Tracks were just beginning to install good lighting systems that allowed for night racing, and on that evening, the discussion gravitated to an argument over what was the best night to hold a race. I presume they meant Friday, Saturday or Sunday because no-one offered a case for anything else. After about an hour of this dead-end discussion, the question was posed to me for an opinion. I thought about it for a minute and answered that this was a ridiculous point because if you had the right show and did the proper promotion for it, it didn’t matter when you ran an event. Any day of the week would work.
The comment drew immediate laughter from the group and a particularly sharp remark from a nearby track operator who said “That’s just what we need…another f-ing nut in this business.” I was stunned for a moment by the barb and retorted that I meant what I said and that maybe the slinger of that barb just wasn’t a real promoter and only knew how to follow the herd.
For some stupid reason (maybe the scotch and waters Larry kept bringing me) I added “Pick a night. I’ll promote a race and fill the stands.” The other promoter quickly came back with “Monday night, smart ass.” My reply was ‘You’re On’ or something to that effect. Now I was in trouble, I put my foot in my mouth and hoped everyone would just forget about the incident, As I recall Larry had stepped out of the bar for a moment and didn’t hear the conversation and I wasn’t sure if I should tell him. I didn’t think he would take it well and we would have some sort of “discussion” about it. I went to my room later that night thinking about what had happened and began to realize that maybe my statement wasn’t so crazy after all. I think I stayed up most of that night hatching a plan that had the potential to be a whopping success — or at worst would probably break even if I was wrong.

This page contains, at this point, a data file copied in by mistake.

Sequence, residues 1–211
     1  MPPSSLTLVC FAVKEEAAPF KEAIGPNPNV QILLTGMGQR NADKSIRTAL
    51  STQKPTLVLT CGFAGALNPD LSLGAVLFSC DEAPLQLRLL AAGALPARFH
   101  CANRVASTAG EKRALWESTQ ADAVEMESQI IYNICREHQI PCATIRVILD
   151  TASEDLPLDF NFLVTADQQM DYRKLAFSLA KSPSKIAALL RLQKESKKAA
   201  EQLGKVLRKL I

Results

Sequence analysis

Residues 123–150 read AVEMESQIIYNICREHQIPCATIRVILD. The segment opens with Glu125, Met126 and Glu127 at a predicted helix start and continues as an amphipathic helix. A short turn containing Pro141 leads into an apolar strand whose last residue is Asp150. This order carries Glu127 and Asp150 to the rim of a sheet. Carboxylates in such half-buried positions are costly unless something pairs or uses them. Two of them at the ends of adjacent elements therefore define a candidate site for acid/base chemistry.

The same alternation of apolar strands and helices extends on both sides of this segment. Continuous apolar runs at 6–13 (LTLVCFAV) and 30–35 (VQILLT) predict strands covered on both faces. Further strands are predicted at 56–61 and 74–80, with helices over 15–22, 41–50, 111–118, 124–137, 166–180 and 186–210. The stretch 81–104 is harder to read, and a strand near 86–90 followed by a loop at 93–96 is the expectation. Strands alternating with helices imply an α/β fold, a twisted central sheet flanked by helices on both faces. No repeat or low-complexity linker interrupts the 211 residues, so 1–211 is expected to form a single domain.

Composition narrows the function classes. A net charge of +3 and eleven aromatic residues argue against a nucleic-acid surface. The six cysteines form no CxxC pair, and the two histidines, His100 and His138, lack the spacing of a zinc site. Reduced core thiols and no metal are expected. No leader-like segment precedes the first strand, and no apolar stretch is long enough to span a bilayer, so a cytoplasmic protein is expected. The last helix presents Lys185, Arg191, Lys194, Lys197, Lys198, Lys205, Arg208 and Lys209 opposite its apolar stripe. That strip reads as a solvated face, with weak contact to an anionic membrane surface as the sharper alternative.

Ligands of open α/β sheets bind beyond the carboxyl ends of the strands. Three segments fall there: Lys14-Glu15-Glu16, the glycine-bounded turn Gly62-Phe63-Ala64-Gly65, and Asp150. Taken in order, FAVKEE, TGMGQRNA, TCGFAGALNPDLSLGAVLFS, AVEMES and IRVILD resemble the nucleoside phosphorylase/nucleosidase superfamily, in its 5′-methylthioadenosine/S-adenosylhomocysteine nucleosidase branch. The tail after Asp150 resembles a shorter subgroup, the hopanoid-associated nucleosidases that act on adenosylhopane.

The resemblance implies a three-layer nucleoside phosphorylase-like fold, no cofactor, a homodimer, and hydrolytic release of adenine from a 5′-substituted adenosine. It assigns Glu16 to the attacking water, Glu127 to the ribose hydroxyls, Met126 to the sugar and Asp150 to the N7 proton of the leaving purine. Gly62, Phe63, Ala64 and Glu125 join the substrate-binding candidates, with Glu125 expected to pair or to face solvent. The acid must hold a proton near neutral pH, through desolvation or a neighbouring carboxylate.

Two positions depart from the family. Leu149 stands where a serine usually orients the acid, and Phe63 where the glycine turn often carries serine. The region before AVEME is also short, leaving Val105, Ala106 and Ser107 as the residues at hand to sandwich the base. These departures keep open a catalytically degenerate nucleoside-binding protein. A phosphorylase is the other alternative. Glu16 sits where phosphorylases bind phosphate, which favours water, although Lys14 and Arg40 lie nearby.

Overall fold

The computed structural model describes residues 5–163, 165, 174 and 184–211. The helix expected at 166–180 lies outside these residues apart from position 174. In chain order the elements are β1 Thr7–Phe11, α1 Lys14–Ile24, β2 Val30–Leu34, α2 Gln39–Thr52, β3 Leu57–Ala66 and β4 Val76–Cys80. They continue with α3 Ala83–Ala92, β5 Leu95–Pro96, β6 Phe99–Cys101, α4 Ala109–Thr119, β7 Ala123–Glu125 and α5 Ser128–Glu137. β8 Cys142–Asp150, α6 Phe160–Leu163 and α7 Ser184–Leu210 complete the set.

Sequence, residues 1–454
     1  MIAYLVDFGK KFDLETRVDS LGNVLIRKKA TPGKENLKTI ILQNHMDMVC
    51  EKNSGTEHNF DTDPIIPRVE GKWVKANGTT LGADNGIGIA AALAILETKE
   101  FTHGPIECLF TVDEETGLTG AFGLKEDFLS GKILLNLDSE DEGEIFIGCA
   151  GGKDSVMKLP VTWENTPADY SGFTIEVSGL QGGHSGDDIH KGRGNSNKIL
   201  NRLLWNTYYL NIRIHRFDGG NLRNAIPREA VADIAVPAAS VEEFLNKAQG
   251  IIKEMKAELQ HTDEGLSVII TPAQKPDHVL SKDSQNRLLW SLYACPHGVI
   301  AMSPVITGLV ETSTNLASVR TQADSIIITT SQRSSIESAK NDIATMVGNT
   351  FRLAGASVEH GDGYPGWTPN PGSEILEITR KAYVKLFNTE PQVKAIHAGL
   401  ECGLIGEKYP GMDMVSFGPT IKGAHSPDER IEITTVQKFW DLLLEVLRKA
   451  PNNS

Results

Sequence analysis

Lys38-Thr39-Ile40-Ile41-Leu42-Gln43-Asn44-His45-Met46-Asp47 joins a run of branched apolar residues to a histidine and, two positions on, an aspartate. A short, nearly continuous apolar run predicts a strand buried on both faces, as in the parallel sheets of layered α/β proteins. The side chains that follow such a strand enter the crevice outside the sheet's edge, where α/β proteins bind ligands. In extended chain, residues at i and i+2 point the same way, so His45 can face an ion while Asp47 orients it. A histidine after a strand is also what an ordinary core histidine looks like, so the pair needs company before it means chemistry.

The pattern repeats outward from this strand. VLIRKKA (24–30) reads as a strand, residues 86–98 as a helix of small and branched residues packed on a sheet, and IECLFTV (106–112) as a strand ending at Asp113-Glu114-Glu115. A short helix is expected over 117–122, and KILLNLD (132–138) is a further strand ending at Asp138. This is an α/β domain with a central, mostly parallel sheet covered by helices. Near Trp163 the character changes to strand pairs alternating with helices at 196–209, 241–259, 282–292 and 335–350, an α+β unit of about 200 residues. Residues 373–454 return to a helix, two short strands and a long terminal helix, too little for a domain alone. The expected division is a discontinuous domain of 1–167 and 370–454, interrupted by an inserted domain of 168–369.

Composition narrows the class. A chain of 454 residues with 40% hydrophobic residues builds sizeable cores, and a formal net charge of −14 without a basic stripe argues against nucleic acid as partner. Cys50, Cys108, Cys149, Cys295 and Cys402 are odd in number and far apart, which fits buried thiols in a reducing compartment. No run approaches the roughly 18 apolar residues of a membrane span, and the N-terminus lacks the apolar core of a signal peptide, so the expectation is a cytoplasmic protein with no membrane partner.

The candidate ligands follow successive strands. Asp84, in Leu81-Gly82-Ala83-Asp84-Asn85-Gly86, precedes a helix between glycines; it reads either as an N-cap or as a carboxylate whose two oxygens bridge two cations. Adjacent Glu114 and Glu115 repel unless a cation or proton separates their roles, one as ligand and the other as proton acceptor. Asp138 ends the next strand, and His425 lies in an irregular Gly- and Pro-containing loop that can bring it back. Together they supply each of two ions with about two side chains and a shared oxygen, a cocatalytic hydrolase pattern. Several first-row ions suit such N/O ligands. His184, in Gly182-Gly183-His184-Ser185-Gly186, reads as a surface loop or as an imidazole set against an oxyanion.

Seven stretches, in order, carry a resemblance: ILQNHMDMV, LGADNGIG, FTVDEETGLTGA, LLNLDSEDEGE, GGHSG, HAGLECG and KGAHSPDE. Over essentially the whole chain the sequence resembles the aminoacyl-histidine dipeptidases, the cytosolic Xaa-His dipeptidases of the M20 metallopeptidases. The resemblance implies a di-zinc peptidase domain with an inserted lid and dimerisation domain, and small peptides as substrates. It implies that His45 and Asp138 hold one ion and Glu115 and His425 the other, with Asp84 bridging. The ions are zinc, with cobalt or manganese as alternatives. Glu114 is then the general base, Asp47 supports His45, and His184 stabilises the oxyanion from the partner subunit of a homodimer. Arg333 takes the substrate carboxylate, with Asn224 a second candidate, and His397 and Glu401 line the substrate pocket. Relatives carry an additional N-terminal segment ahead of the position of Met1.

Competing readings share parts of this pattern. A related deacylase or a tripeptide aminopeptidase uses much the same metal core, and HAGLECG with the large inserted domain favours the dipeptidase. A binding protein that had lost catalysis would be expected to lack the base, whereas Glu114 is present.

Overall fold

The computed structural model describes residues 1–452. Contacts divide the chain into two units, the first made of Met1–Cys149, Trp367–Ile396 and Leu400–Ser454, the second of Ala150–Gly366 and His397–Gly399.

Here was my goofy plan. We were very successful at the time promoting Pro Stock match races and small-time “Invitational” races that featured one or two big-name drivers. We limited the promotions to one or two big names because they were commanding top dollar appearance money on weekends. The stiff competition among tracks for the good dates was driving prices up even higher. Where were all those guys on Monday nights during those barnstorming days of drag racing? Sitting in cheap motels with no place to go — that’s where they were!